Under the foggy sky and in the quiet of the morning, workers waited patiently outside the JFK8 warehouse on Friday to discuss whether to form Amazon’s first U.S. workers’ union.
The six-day election at the Staten Island warehouse, overseen by U.S. officials, operates 5,000 facility workers for five hours each morning and then again for another five hours in the evening.
Led by former and current workers, the Amazon Labor Union (ALU) has qualified for a vote for unionization after receiving 30 percent of the workforce’s signatures.
But since the company was founded in 1994, Amazon will need majority support to make its first union.
Most activists who spoke to AFP shortly after the first vote began on Friday were not in favor of the campaign.
“The salary is higher than the minimum wage, we have benefits like health insurance from day one, and if I need anything, I go directly to my manager,” said Georgina Aunte, who voted no.
Every morning, Aponte, 40, travels from his Bronx home to the Amazon with a ferry, a subway and two buses. The trip takes two hours each way.
“I like working here,” he said.
Others expressed sympathy for the union’s goals, but expressed skepticism about the group’s unproven track record.
“I give them a lot of credit for what they’re doing,” Winnie T said before adding, “I think we have more to lose than to gain.”
The Amazon job is “not that hard,” said the 57-year-old, who has previously worked for other union companies.
Company text vote ‘no’
Another employee, Angel Ars, says he’s not crazy about the fact that Amazon’s pay scale doesn’t raise wages after three years.
But “they’re not experienced,” Ars says of the union.
Natalie Monarez came to the polls with a sign that read, “I joined ALU, I left ALU, I’m voting for Nose.”
Monarez, who has worked for Amazon for five years, joined the campaign in May 2021, shortly after the group was formed, but left ALU in January.
“We absolutely need a union,” Monarez said.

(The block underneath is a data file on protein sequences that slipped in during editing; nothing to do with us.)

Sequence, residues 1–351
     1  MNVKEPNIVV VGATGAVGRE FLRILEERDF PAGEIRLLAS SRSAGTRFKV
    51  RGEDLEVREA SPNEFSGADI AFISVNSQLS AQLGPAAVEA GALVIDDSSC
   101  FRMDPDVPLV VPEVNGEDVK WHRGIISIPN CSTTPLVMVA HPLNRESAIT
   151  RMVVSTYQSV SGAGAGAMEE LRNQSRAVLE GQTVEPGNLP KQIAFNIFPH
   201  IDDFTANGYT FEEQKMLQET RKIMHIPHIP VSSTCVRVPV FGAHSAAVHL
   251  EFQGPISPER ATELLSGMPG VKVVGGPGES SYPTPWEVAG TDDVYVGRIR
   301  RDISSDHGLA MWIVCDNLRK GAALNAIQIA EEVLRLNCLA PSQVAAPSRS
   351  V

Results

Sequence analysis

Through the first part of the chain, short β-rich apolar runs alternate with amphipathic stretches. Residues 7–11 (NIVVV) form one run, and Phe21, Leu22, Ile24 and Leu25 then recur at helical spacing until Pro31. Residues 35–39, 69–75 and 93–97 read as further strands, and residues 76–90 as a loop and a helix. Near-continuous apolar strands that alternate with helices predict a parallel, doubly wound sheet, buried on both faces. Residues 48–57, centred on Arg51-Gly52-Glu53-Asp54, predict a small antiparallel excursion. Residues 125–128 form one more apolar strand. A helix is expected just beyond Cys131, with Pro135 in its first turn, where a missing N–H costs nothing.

“We’re working for the richest man on the planet, literally,” Monarez said of Amazon founder Jeff Bezos, who topped Forbes’ list of billionaires.
“All they can do is pay us a living wage and at least solve problems like harassment, discrimination, old age, lack of promotion, lack of opportunity,” he said.
Monarez, however, said workers needed an “experienced national union”, not a small independent union run by boys with no experience.
At a nearby bus stop, separated by a fence-line of warehouses, Christian Smalls, president of ALU, who had been on hand since 7 p.m.
Smalls, 33, was fired in March 2020 after conducting a campaign demanding personal protective equipment during the ascent of the Covid-19.
He has blown away criticism with his track record.
The big national unions “had 28 years to do something,” he said.
If workers wait to come up with an established group, “they will wait a long time,” he added.
Smalls said he is optimistic about the vote and about a second election at another Amazon facility on Staten Island next month.
The company is meeting with workers in an effort to keep the union free.
“They’re not telling us to vote,” said a young male activist who sat in a 30-minute weekly meeting for the past three weeks.
The employee, who did not want to be named, received a “no” text from the company, as well as a call from ALU.
“They were fair,” he said of the workers’ union, which voted “yes.”
Counting is expected to begin on March 31 and may take several days.